USEREVIEW 057 (Capsule): Uncharted
Uncharted (Mansfield Press, 2021)
ISBN 978-1-77126-248-4 | 94 pp | $17 CAD/USD — BUY Here
I confess: it was the eye-catching cover of Uncharted — designed by Mansfield’s publisher, Denis De Klerck — that first drew me to the work. The confrontational stare of a white tiger, whose face engulfs and exceeds the the edges of the book, is difficult to look away from. But the interior content of Uncharted, the third collection of poetry by Sabyasachi Nag, does not disappoint. While the essential lyric tendencies here are familiar, while the text does not run right off the map as the title might suggest, there are nevertheless many moments of quieter surprise within. Those surprises range from the alarming (“Cow skinners, / corpse beaters, / rag pickers, / rat killers”) to the delightful (“A white-throated sparrow /springs onto the edge of my bed — drifts into the dream”). The content, too, roams widely, even within a single poem, catching in its butterfly net specimens of the quotidian, like “fresh-cut tulips in a vase” that “held the lemon sun,” as well as more metaphysical quarry, like “How time moves, / why religion fails.” Uncharted does the admirable work of combing familiar territory and emerging with some bright new stones.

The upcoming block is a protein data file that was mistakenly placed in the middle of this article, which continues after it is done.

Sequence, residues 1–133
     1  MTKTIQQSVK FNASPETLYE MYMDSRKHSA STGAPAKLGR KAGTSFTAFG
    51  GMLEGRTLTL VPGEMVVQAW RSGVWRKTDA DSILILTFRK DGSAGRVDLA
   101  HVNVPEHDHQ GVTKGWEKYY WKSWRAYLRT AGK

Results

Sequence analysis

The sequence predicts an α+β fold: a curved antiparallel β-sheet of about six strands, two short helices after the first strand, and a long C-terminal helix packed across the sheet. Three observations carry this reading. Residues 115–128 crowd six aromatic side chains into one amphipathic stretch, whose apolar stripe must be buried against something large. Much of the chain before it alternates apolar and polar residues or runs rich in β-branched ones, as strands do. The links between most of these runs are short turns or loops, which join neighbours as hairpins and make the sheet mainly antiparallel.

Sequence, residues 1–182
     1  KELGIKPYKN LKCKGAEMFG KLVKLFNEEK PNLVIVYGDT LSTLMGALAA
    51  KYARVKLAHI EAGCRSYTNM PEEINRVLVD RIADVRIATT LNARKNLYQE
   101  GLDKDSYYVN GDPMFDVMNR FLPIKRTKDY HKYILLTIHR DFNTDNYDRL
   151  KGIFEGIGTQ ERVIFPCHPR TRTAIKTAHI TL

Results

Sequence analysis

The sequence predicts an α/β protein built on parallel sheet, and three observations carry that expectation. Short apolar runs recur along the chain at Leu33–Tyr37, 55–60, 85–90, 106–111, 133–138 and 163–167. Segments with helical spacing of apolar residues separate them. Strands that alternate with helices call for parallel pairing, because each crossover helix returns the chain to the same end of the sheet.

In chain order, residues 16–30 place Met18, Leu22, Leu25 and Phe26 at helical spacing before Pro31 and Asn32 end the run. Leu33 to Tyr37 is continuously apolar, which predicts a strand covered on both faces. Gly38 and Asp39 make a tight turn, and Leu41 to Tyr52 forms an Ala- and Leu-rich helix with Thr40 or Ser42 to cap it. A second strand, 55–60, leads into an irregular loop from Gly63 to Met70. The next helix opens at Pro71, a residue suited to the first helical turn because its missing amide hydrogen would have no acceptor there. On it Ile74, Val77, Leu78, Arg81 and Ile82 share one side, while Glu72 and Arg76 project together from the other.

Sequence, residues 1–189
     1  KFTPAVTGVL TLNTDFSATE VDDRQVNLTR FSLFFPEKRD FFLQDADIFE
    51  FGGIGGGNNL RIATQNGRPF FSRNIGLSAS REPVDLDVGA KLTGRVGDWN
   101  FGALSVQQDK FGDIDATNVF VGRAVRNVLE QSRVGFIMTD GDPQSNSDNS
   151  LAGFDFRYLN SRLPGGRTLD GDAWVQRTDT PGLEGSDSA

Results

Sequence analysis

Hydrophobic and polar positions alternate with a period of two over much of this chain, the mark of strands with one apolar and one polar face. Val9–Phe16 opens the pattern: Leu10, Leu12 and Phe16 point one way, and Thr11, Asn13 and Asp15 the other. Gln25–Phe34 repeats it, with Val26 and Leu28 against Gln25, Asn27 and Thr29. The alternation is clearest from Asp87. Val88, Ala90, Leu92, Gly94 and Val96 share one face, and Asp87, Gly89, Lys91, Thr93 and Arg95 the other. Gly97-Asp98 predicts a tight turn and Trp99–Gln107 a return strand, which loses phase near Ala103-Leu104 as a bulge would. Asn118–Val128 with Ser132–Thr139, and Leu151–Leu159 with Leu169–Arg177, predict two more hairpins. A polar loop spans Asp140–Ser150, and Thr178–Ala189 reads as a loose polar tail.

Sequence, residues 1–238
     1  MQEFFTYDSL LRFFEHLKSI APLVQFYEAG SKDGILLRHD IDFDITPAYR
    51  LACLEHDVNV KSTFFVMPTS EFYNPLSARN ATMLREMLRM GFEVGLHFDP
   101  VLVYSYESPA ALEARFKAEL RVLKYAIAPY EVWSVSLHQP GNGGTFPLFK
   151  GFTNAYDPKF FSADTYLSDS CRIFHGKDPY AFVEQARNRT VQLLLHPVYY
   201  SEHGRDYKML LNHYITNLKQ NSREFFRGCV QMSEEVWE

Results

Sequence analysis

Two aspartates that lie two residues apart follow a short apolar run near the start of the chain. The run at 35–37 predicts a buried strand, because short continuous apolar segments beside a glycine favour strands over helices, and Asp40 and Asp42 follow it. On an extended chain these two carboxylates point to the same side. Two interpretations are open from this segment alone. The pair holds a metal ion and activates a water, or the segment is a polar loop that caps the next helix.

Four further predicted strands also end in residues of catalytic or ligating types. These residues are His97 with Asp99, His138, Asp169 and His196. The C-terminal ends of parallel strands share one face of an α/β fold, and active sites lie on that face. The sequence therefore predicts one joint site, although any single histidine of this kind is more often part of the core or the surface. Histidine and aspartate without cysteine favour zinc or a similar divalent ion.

Despite being fairly clear about its subject, ‘The Fact of the Door’ (p. 40) remains quite gnomic about its intentions. There is a door, and our speaker is inevitably stuck on one side of it, but is the door part of a parable, an allegory? Is there a commentary on class and blue-collar labour here? This poem, brief and lovely, bears rereading.